You may have noticed that your local grocery store is stocking an obscene amount of candy, and that jack-o’-lanterns are starting to sprout up on doorsteps. That’s when you know: it’s time to start sending out some Halloween mail art! This blog post provides you with two free printable envelope templates to add chic spookiness…
There’s been a crispness in the air that can only mean one thing: Halloween is on its way! Every year, I make some sort of free printable to celebrate. This year brings this delightfully creepy Halloween mail art pair! You can download both of the envelope templates by clicking here, then return to this post to read about assembly.
The Spider Illustration
Before we touch on how to put the envelopes together, I’d like to talk about the spider on the front of the envelopes. The illustration was inspired by the Australian garden wolf spider, a spider that looks delightfully Halloween-y with its hairy body and thick legs.
To draw the spider, I used a crow quill nib (which you can fit into a crow quill holder) and a crosshatching technique. “Crosshatching” is really just a fancy name for drawing a lot of crisscrosses to represent a subject.
The crosshatching technique lends itself well to Halloween illustrations because it has a vintage feel to it! In this context, the vintage flavor adds to the creepiness factor.
The spider is just realistic enough to make you shudder, but the crosshatching technique reins in the realism a bit. After all, when have you ever seen a spider with a lot of crisscrosses on its legs and back?
The Halloween Mail Art Envelope Templates
After I drew our arachnid friend, I used Photoshop to digitize the illustration (you can learn how to do this with your own illustrations in the Digitizing Artwork & Calligraphy eCourse). I then made two versions of envelope templates in Photoshop: the first features one large spider, and the second has three spiders in varying sizes. You can download both of these envelope templates for free by clicking here! Once you download them, print them and cut them out.
You can print the templates on any paper you like! I, personally, chose 32# laserjet paper because laserjet paper handles dip pen calligraphy well, and I knew I would be using a dip pen to write the addresses on these envelopes later.
How to Assemble the Halloween Mail Art Templates
To assemble an envelope template, flip it over such that the illustration is face side down. Then, fold up the bottom flap. You can run a bone folder along the fold to ensure a nice, crisp crease!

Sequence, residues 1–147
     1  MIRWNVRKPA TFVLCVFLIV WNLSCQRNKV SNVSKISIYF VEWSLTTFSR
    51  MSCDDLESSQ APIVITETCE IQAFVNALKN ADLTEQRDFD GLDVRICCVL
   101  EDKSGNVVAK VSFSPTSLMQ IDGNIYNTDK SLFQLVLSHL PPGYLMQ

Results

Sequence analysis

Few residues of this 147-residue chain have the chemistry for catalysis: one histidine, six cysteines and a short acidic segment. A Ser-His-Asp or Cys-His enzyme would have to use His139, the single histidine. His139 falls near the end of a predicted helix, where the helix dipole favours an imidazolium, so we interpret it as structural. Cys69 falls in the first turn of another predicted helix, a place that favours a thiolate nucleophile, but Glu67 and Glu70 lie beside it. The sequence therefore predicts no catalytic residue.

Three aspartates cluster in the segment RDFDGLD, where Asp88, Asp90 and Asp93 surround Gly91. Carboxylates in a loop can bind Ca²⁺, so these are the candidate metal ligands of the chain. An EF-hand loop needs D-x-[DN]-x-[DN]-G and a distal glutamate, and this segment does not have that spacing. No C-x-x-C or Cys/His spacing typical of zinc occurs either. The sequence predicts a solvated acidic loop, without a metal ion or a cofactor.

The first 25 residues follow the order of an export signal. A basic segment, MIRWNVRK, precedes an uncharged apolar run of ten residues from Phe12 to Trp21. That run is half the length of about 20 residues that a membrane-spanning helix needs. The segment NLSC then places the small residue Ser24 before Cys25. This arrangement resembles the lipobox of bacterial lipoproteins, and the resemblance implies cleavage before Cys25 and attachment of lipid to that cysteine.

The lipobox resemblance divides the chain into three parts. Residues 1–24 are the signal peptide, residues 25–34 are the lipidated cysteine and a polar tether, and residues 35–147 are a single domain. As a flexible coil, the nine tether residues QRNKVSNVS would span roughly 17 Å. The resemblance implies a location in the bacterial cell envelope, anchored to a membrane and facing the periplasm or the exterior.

Next, fold in one of the side flaps.
Then, fold in the other side flap.
Finish up by folding the top flap of the envelope down.
Once you have made all the folds, you can use an adhesive such as a glue stick (I like UHU brand) to securely affix the side flaps to the bottom flaps. Don’t glue down the top flap yet!
Flip the piece over, and you’ll see that it’s now a proper 6-1/4″ x 4-3/8″ (15-3/4 cm x 11-1/10 cm) envelope!
To seal the top flaps of the envelopes, you can either glue them shut, tape them with washi tape, or use DIY moisten-to-seal envelope glue.
Complementing the Halloween Mail Art with an Address
I tried out two styles and two colors of calligraphy on these Halloween mail art envelopes, and I loved the very different results of both! For the first, I used Beth Style calligraphy. As the envelopes aren’t extremely large, I used the 1/2″ Address Guidelines Template included in the Beautiful Beth Style Envelopes portion of the premium worksheet set to draw pencil guidelines.
Next, I used iron gall ink to calligraph the address. The ink is Walker’s brand that I ordered from Scribbler’s in the UK; in the US, McCaffery’s Penman’s Black is an excellent brand as well. I love iron gall ink because it has been used for centuries — rumor has it that it was a favorite of the vikings — and it is still wonderful for making thin hairlines and thick downstrokes!
For the next envelope, I used McCaffery’s brown ink and all-lowercase Kaitlin Style calligraphy. This was a fun envelope to make because Kaitlin Style calligraphy doesn’t require any pencil guidelines! After I was finished, I used a syringe to make little globs of watered-down ink on the envelope. The ink droplets added a lot to the playful Halloween effect!
While I used calligraphy for the addresses on both of these envelopes, you can use any lettering style! Feel free to get creative here. You can also modify the spider illustration to personalize it! For example, you could draw bows on its legs or a speech bubble containing your return address. No matter what creative liberties you choose to take, the envelopes will look great, and your recipient will really appreciate them!
I hope that you enjoy assembling and embellishing these little freebies! If you have any questions about them, please feel free to ask in the comments. Thanks so much for reading TPK, and have a wonderful weekend!